"Jews of Russia" Program May 15
The program is the third in an annual series which presents the culture and history of the Jews of Eastern Europe before the Holocaust as a way to commemorate the catastrophe’s victims. Previous events in the series highlighted the Jews of Ukraine (2014) and the Jews of Poland (2015). This year’s event will cover Russia proper during the nineteenth and early twentieth centuries. That period witnessed a spectacular migration of Jews from the Ukraine and Belarus, when Tsar Alexander the Second, “the Liberator,” freed them from confinement in the so-called Pale of Settlement. Many of them found their way to the major Russian cities of St. Petersburg, Moscow, and Odessa.
The Jewish arrivals began to change dramatically the cultural, and particularly musical, landscape of those cities. In time, they became part of Russia’s academia and intelligentsia, rising to the top of the country’s political and cultural leadership.
In 1862, Anton Rubinstein founded the St. Petersburg Conservatory, which provided modern, westernized musical education for talented young Russian, as well as Jewish, students. It also offered a training ground for the important composers of the time, such as Rimsky-Korsakov, Tchaikovsky, and others. As decades went by, the St. Petersburg Conservatory, as well as the Moscow Conservatory, founded by Anton Rubinstein’s brother Nikolai, produced virtuosos which became American household names, including pianist Emil Gilels; violinists Mischa Elman, David Oistrakh, and Yascha Heifetz; and cellist Gregor Piatigorsky.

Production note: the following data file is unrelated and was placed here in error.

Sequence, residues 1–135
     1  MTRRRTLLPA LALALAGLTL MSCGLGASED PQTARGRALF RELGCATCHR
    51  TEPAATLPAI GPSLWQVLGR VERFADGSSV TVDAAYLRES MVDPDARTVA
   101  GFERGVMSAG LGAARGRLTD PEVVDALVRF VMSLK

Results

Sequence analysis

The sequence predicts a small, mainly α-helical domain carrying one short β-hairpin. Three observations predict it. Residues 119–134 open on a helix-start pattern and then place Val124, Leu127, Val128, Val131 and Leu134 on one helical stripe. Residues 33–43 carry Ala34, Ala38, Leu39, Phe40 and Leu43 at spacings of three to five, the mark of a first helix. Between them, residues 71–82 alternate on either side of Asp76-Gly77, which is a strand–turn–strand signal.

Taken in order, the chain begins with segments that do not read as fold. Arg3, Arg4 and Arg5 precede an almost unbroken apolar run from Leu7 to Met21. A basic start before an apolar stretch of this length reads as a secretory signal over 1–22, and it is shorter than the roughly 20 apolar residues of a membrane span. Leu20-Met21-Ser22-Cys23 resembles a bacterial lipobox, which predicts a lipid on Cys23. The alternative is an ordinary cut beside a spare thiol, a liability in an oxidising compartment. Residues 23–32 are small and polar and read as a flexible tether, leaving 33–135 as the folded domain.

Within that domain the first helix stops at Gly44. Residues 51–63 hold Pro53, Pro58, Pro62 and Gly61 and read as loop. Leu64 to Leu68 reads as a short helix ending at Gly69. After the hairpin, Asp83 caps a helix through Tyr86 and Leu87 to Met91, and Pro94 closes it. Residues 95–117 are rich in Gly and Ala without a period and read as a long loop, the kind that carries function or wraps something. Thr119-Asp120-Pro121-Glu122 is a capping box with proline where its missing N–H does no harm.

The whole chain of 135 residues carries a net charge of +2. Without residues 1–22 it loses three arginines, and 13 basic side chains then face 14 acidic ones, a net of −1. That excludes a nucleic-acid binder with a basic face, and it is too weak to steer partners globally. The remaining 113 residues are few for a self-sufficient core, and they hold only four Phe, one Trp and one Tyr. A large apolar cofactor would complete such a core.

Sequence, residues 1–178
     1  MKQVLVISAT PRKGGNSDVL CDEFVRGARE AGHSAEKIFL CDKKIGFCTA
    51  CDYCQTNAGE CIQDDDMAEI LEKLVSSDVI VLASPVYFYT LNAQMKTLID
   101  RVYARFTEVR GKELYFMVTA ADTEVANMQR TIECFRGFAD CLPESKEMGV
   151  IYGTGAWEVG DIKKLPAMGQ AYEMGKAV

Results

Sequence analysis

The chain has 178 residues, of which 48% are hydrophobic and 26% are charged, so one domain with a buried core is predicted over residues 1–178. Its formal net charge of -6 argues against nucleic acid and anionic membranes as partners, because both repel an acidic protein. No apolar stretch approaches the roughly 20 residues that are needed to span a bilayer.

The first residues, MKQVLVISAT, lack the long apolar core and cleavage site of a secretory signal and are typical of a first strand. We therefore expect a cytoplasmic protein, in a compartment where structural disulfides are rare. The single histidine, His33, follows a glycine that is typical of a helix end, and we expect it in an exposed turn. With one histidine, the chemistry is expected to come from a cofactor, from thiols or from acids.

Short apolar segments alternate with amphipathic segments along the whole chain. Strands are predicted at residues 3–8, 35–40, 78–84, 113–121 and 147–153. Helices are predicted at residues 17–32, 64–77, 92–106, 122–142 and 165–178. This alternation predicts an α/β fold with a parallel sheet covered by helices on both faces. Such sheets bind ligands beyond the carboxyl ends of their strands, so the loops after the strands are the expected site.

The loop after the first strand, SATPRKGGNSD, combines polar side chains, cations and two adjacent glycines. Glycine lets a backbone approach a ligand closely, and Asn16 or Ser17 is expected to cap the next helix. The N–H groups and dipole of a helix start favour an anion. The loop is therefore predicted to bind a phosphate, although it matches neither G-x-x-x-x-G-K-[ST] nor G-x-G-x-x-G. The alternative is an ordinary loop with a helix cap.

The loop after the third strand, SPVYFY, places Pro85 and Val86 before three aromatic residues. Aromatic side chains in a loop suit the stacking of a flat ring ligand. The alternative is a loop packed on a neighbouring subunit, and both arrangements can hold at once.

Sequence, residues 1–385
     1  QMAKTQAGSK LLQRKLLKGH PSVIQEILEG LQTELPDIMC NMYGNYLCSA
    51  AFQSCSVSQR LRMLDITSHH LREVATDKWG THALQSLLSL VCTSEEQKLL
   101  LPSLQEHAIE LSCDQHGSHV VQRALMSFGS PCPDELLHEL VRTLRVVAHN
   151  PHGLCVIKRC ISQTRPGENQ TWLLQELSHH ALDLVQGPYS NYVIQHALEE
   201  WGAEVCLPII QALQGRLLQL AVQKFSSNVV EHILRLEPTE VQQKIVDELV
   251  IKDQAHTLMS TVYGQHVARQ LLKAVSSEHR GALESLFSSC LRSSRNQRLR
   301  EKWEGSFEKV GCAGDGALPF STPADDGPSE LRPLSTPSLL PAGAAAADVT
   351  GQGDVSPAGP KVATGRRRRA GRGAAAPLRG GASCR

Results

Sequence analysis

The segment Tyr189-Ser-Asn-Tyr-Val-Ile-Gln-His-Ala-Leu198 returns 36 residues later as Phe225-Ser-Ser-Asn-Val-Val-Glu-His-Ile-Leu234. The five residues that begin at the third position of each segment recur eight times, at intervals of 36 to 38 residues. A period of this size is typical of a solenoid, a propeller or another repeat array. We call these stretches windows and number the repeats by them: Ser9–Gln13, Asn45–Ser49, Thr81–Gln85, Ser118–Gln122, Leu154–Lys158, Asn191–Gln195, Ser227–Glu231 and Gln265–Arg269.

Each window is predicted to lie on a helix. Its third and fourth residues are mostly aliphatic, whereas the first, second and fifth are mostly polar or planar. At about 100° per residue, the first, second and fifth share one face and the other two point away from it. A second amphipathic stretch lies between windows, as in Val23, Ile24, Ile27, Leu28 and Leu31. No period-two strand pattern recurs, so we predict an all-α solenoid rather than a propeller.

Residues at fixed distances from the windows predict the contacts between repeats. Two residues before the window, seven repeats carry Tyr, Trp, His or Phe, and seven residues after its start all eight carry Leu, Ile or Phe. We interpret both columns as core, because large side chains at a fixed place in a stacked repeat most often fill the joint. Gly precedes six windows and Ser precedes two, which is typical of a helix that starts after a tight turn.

Jennifer Podolsky, the East Brunswick Public Library Director, will open the event. Rabbi Esther Reed, Senior Associate Director of Hillel at Rutgers University, will introduce the program. Glen Dynner, Professor of History and Chair of Humanities at Sarah Lawrence College, will give an overview of the history and culture of Russian Jewry. Rabbi Bennett Miller of Anshe Emeth Memorial Temple in New Brunswick will reflect on the influence of Russian Jews on American Jews and America. The musical part of the event will feature TOPP (Tales of the Past Promoters), an ensemble specializing in Jewish music of Eastern Europe. Dr. Tamara Freeman, ethnomusicologist and violist, Dr. Michael Kesler, cantor, David Schlossberg, pianist, and Dr. Susan Hornstein, alto, will offer selections of Jewish music of Russia from the 19th and 20th centuries, echoing the cultural history of the Jews of those times. Tamara Freeman will be featuring a viola of 1935, rescued from the Holocaust. Michael Kesler will present a classical selection in bel canto style. MaryEllen Firestone, former director of the East Brunswick Public Library, will pay tribute to the late Karl Kaplan, a library benefactor. The Jewish Federation in the Heart of New Jersey and the East Brunswick Jewish Center are co-sponsors of this free event.